|Motorola DROID RAZR MAXX HD Smartphone|
|Reviews - Featured Reviews: Phones | Handheld|
|Written by Bruce Normann|
|Monday, 14 January 2013|
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DROID RAZR MAXX HD Conclusion
IMPORTANT: Although the rating and final score mentioned in this conclusion are made to be as objective as possible, please be advised that every author perceives these factors differently at various points in time. While we each do our best to ensure that all aspects of the product are considered, there are often times unforeseen market conditions and manufacturer changes which occur after publication that could render our rating obsolete. Please do not base any purchase solely on our conclusion as it represents our product rating specifically for the product tested, which may differ from future versions of the same product. Benchmark Reviews begins our conclusion with a short summary for each of the areas that we rate.
The performance of the DROID RAZR MAXX HD is state of the art for its class. The 1.5 GHz dual-core Qualcomm Snapdragon S4-Plus MSM8960 SoC is all the processor that's needed to support the current software offerings. The upgrade from the dual-core 1.2 GHz ARM Cortex-A9 that was in the last generation is a significant leap forward for performance. Likewise the 1GB of RAM and 32GB of system memory are more than enough to support most user's needs. The 4.7" AMOLED 720p screen on the new HD models is also a worthwhile improvement, and it's supported by a capable GPU, the Qualcomm Adreno 225. It's definitely better than the 4.0" Apple iPhone 5 screen (1136x640), by comparison. The camera is a bit weaker than the other elements, but the speakerphone is excellent. Jelly Bean is a capable mobile OS, and all the elements work smoothly together to provide a positive user experience.
Battery life is the absolute top headliner in the performance category, though. The main reason I selected this phone, and paid the extra money relative to the base RAZR HD model, was for the extended battery life. This is potentially a 2-3 day battery, depending on your usage pattern. I don't know anyone who uses this phone that doesn't get at least a full day's use out of it. No matter how much screen time they put in, the RAZR MAXX HD always outlasts them. The overall life of the battery is also going to be extended, since you won't need to charge it as often. Modern lithium ion polymer batteries have a lifecycle that is defined by how many times the battery can be charged, before its capacity starts dropping.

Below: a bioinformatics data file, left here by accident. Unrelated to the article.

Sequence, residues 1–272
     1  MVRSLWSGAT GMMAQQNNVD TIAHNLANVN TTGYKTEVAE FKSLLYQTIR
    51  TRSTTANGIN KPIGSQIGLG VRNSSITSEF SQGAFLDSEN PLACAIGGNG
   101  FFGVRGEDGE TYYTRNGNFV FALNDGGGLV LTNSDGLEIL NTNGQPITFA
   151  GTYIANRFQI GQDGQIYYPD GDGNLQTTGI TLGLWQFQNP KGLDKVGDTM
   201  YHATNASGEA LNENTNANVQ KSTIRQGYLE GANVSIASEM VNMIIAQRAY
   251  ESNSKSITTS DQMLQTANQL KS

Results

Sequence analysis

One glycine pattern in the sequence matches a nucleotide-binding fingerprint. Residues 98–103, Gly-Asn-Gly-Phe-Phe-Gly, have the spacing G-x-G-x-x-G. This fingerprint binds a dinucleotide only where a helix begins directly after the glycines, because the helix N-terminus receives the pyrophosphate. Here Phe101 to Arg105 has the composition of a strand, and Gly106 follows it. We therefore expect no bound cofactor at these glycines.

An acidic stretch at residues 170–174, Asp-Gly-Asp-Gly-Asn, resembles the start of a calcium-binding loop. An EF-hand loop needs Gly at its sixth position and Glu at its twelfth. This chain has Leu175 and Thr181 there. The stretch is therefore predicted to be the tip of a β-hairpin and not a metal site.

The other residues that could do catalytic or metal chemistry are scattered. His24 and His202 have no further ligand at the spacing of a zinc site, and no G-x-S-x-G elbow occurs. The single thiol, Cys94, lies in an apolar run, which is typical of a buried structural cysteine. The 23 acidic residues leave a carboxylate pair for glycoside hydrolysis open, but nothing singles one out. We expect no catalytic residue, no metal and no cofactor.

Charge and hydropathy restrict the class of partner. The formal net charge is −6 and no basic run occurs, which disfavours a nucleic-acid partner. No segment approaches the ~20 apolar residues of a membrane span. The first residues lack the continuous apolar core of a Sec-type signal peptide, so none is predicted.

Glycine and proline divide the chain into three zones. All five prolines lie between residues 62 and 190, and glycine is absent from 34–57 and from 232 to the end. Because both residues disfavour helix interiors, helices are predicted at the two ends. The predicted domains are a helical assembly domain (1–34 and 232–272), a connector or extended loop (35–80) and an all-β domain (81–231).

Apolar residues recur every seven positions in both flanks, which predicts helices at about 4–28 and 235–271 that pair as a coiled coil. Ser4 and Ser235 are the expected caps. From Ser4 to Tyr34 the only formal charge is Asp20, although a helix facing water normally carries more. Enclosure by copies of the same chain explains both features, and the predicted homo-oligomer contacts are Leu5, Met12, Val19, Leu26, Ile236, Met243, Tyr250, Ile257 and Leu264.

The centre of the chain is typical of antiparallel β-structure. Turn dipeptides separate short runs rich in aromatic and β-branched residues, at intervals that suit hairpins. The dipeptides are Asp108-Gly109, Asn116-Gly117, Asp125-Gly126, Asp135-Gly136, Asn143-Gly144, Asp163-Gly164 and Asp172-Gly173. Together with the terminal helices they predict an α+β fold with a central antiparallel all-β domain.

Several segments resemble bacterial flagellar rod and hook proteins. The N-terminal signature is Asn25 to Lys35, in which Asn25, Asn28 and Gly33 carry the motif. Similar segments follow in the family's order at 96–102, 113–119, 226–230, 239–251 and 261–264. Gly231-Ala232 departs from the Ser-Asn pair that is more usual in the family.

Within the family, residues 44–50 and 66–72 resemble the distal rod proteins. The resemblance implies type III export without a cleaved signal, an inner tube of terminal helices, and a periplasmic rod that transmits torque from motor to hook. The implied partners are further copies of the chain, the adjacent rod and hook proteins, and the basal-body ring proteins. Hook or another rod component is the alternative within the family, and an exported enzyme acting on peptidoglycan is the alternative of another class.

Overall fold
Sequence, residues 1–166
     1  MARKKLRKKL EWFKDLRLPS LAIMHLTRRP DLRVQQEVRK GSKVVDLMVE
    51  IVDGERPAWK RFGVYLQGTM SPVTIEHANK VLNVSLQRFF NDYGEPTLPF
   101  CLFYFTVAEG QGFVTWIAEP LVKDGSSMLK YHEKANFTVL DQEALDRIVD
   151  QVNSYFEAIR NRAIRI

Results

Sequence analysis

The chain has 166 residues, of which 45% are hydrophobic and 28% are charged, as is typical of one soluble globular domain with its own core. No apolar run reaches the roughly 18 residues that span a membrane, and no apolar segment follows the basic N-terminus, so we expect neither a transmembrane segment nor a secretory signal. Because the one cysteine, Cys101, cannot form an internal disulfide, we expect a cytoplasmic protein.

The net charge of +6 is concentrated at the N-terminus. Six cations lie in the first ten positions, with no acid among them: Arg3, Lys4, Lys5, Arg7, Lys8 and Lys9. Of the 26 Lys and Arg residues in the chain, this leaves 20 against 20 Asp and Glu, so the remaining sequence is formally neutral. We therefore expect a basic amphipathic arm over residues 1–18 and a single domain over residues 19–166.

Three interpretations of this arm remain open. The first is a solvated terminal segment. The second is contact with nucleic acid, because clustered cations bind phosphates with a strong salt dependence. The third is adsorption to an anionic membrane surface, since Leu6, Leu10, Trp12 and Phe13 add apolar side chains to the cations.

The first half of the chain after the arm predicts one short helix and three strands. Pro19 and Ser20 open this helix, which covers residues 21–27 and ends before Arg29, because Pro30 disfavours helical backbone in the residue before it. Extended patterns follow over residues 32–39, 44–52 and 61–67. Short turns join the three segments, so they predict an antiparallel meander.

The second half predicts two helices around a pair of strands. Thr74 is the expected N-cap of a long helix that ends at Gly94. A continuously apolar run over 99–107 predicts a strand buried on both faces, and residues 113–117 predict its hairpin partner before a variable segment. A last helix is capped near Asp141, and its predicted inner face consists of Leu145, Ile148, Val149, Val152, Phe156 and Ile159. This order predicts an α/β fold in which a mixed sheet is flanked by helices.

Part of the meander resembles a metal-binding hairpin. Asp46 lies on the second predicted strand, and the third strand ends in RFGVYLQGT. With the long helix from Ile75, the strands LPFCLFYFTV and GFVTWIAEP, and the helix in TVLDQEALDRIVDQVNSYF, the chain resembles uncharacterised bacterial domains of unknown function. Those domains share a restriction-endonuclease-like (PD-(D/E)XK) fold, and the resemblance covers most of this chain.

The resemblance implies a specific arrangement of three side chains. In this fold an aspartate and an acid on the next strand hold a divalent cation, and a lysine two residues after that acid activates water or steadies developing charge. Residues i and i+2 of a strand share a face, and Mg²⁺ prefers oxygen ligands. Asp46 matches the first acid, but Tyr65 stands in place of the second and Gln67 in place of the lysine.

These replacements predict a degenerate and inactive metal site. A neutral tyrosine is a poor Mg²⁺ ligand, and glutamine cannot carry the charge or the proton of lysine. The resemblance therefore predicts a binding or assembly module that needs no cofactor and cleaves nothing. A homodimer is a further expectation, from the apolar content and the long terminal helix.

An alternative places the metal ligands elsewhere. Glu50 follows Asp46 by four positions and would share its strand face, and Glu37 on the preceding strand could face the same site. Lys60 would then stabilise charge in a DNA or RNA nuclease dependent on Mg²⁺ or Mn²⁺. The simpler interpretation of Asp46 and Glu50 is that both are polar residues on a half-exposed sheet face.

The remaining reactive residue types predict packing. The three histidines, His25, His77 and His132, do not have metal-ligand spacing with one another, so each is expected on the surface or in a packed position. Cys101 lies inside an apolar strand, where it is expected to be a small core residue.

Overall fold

Between the Gorilla Glass on the front, full Kevlar on the back, and nano coatings on the electronics to keep them dry, Motorola went the extra mile to make the DROID RAZR MAXX HD as durable as a conventional smartphone can be. Normal wear and tear won't dull or scratch the screen and the thin lip around it offers some additional protection, in case you drop the phone onto a hard surface. I really dislike phone cases. They ruin the tactile experience for me, and make carrying the phone less comfortable and convenient. I'm a guy - I have pockets, not a purse, and I want something that will slip easily into and out of whatever pocket I choose. So, I'm very happy that this phone has durability and ruggedness built right into its smooth and sleek exterior. I'm going to lump "subjective feel" into this section, because it's intimately related. The RAZR MAXX HD feels good in my medium-sized hands; it's solid and substantial in a way that's hard to describe but easy to understand. The Kevlar has a unique feel to it, that's both hard and soft at the same time, and the rounded edges on the back amplify this effect since you're never gripping a hard edge.
In terms of functionality, the DROID RAZR MAXX is near the top of the Android pile. It's as fast as the software requires, offers a large 4.7" HD Super AMOLED screen with 720p resolution, and has 32GB of built-in storage space. Two things that would put it over the top are: a replaceable battery, and a better main camera. The first wish is going to be difficult and probably counterproductive, since the packaging required to make the battery replaceable would undoubtedly make the phone bigger, or the battery capacity smaller. Neither of those things is desirable. A better camera should be relatively easy to do, next time around. Maybe there's a possibility of improvements on this model via a software upgrade, which would be even better. The continuing improvement of Android, and the inclusion of Google Now in Jelly Bean, makes for a highly functional package. Motorola kept the add-ons to a minimum with these phones, but there are a few: Chrome for Android, Smart Actions, Circles Widget, Android Beam, Backup Assistant+, Visual Voice mail, Viewdini, VZ Navigator, wireless DLNA streaming. Some of these features come from the wireless carrier that currently has a lock on distribution of the RAZR HD family, Verizon Wireless.
As of mid-January 2013, the Motorola DROID RAZR MAXX HD smartphone, model MOTXT926M, is only available from Verizon Wireless, with contract activation. They do participate with some channel partners such as Newegg, where I got mine. At the moment, prices are cheaper through some of those partners, compared to buying direct from Verizon. At the reduced pricing of $199.99, I'm quite happy with the value equation.
+ Battery life is outstanding
- Battery is not user replaceable
Final Score: 9.35 out of 10.
COMMENT QUESTION: If not the Motorola DROID RAZR MAXX HD, what smartphone do you want most?